The passion fruit syrup is even easier. The recipe recommends a vanilla bean, but, to my surprise, I realized that I'd finally gone through what I thought was a life-time supply of vanilla beans, courtesy of Melinda Pickworth, who came into a mammoth supply of vanilla beans herself and then generously shared the bounty. You get to let the syrup come to a rolling boil with nary a worry about curdling.
I did have trouble with the white chocolate custard base. The directions say to "melt the white chocolate and the butter, stirring often until smooth and creamy." I can tell you that you should stop immediately when it gets to the "smooth and creamy" point, and not continue to see if it will get smoother and creamier. It will not. It will curdle, separate, and turn into an ungodly mess that simply has to be dumped out. There is no picture of the ungodly mess because Jim backed away from the kitchen as I was swearing like a pirate. I asked him why he hadn't taken a picture of the ungodly mess so I could illustrate what not to do, but he claimed to fear for his life if he stayed in the same room. Really. Who would believe such nonsense.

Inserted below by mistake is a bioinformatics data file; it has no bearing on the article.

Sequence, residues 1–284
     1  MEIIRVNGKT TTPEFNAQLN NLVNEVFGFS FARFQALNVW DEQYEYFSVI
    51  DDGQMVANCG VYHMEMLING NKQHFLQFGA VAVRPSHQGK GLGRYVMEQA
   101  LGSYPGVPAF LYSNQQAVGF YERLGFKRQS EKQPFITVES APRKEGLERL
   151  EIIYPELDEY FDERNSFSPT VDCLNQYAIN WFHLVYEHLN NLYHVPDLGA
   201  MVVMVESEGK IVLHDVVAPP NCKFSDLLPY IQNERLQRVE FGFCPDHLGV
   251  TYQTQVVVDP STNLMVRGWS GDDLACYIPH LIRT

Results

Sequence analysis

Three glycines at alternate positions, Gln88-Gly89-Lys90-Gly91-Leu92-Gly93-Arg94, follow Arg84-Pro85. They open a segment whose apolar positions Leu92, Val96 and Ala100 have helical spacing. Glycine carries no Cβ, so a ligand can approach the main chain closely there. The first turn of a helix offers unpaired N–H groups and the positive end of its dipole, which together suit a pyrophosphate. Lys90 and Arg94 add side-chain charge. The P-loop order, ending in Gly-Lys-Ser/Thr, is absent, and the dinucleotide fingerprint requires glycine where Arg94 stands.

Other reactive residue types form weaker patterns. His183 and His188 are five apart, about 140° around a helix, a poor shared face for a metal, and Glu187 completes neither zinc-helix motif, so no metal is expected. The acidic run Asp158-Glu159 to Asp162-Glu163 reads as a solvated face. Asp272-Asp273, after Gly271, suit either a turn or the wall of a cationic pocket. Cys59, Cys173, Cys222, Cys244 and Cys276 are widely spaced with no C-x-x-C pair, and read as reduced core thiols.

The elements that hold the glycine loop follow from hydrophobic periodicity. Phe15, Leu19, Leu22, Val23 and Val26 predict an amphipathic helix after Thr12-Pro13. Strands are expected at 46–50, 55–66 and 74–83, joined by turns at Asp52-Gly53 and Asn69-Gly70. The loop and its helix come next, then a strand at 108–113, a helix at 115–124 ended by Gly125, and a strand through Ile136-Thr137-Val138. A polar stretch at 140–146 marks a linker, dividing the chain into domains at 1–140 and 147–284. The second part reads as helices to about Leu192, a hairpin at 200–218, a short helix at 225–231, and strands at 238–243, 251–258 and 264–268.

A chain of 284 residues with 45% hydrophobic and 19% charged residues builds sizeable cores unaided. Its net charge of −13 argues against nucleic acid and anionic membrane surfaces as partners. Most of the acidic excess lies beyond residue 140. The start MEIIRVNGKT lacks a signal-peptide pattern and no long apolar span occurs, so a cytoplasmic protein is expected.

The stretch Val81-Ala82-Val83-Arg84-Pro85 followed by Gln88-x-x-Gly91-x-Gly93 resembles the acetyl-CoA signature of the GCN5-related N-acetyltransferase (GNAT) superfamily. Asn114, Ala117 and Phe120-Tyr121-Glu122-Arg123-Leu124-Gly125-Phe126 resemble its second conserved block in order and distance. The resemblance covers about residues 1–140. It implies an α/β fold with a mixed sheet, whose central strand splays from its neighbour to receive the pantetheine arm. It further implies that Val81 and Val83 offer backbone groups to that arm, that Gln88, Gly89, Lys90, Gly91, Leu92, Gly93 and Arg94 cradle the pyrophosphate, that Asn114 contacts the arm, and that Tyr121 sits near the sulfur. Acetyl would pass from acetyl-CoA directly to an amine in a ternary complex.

It worked just fine the second time.
The white chocolate custard has to cool for a while before it can be incorporated, which gave me time to do some speed shopping with my friend Karen, who led me into temptation and convinced me that I couldn't do without a number of new purchases.
I got home, unpacked my bags and momentarily castigated myself for my spendthrift ways, and then went back down to the kitchen to complete the white chocolate deluxe buttercream, made with the custard base, cream cheese, butter, and a dollop of creme fraiche. There is no sugar at all in the frosting--it relies solely on the white chocolate for its subtle sweetness.
Putting it all together is what gave me the heebie-jeebies. Not only did I have to cut the cake in half, which is frightening, but also I had to figure out a way to plop it on a plate after I'd brushed syrup on the already fragile and thin layers of cake. Let's just say I didn't perform this in an artistic way, but the job got done.
The passion fruit curd goes between the layers as a filling.
And the buttercream on the sides and top. Some day I should take a cake decorating course. When I frost cakes, their shoulders always slope.